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View Poll Results: Do you support the Paulson Bailout as it currently stands
Yes 49 33.33%
No 71 48.30%
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Old 09-28-2008, 10:33 AM   #61
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What he is proposing is a reverse auction structure where the Federal Government bids for a certain dollar amount of a specific type of security.
There's a reason why financial institutions can't sell these toxic securities in the existing secondary market. Although the reverse auction model seems delightfully capitalistic, it's still socialism. The taxpayer is still buying securities that no sensible investor would want.

From the Post:

washingtonpost.com

Quote:
Firms participating in the bailout would be required to grant the government warrants to obtain nonvoting shares of stock, so taxpayers can benefit if the companies return to profitability.
I wonder how this relates to the outright purchase of the toxic waste on these companies' balance sheets.

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Meanwhile, House Republicans won a major victory, persuading negotiators to include a provision that would require the Treasury Department to create a federal insurance program that would guarantee banks and other firms against loss from any troubled asset, the official said.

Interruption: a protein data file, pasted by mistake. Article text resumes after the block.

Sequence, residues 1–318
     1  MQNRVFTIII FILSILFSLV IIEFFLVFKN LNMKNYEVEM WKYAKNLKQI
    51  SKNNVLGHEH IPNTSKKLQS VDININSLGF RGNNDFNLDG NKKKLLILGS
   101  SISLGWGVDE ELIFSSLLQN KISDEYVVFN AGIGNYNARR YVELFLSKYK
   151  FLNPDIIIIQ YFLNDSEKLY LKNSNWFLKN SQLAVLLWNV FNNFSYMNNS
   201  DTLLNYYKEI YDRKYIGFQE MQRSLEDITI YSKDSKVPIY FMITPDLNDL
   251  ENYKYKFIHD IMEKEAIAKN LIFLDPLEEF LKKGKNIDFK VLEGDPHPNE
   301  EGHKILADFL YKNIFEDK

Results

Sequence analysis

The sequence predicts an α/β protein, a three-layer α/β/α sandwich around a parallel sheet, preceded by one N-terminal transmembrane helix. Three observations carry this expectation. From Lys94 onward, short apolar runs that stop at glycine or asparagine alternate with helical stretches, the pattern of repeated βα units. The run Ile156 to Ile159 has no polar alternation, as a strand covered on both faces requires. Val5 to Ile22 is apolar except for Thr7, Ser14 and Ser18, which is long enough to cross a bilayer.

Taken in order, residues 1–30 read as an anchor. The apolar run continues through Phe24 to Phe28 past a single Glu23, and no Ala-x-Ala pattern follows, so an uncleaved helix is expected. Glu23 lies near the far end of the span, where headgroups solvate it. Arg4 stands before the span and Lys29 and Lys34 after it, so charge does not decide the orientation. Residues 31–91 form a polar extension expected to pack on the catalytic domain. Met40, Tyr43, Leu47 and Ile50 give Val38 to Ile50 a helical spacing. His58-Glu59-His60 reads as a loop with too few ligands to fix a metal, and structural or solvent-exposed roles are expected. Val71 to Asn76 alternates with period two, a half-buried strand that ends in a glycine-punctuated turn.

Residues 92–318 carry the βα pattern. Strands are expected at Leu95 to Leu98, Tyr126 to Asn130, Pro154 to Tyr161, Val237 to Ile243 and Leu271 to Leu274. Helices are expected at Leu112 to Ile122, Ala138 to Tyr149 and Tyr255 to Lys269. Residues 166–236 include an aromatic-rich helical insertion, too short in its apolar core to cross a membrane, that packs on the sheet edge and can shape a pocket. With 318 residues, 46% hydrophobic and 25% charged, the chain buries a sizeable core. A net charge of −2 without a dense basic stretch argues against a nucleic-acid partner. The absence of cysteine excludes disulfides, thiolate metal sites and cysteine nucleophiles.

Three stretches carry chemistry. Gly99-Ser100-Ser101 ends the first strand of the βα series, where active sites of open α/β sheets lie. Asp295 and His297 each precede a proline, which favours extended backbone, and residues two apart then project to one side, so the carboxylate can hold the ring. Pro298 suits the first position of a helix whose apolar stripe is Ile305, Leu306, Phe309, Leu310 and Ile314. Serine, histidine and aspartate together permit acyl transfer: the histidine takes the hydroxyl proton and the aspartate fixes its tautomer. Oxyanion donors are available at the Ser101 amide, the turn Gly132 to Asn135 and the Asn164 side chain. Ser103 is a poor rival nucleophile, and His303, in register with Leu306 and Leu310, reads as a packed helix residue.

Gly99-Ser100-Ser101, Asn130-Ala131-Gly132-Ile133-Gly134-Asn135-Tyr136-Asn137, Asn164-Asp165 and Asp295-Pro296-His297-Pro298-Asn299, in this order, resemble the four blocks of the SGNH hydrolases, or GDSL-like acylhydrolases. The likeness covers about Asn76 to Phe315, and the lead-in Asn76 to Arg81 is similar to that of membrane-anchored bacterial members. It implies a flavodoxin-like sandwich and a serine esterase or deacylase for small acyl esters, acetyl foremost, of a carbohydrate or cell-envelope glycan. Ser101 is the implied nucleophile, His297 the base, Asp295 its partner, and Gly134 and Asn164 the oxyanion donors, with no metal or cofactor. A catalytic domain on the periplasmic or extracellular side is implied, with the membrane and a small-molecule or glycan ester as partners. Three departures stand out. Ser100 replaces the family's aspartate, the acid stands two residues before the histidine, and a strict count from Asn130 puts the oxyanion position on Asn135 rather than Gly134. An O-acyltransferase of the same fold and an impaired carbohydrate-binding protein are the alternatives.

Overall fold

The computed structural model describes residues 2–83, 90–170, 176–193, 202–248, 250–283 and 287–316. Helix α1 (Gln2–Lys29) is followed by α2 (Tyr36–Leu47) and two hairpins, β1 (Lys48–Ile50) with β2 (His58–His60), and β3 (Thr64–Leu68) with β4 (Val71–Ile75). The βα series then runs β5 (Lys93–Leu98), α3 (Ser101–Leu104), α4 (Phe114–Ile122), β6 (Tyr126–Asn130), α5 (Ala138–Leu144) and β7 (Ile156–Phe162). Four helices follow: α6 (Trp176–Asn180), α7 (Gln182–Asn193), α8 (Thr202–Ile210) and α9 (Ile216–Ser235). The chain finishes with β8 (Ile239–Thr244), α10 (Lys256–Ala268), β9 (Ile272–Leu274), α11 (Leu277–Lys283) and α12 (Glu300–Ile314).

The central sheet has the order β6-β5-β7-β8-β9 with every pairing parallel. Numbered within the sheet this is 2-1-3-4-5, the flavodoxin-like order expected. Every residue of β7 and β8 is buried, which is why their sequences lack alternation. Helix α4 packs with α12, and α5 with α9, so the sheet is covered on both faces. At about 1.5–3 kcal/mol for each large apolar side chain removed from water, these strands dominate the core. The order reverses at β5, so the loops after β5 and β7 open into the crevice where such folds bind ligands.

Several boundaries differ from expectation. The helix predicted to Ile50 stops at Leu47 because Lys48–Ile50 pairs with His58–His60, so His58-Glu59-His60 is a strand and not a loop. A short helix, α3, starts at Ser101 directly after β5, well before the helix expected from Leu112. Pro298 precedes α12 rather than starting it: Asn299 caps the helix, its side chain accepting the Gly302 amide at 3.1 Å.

OK, now I'm confused. You realize a loss when you sell a security for less than you bought it for. Until you sell it, your loss is only hypothetical. Does this mean that companies that participate in the reverse auction and sell their securities at a loss to the gov't can be made whole again?

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"Many of these assets still have significant underlying value, because the vast majority of people will eventually pay off their mortgages," President Bush said yesterday in his weekly radio address. "In other words, many of the assets the government would buy are likely to go up in price over time. This means that the government will be able to recoup much, if not all, of the original expenditure."
If this were true, there'd be an existing market for these securities.

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Of the $700 billion figure, House Majority Leader Steny Hoyer (D-Md.) said: "Nobody believes that's going to be the final cost."
Ahhh...a little honesty. A refreshing change!
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Old 09-28-2008, 10:49 AM   #62
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Originally Posted by socca View Post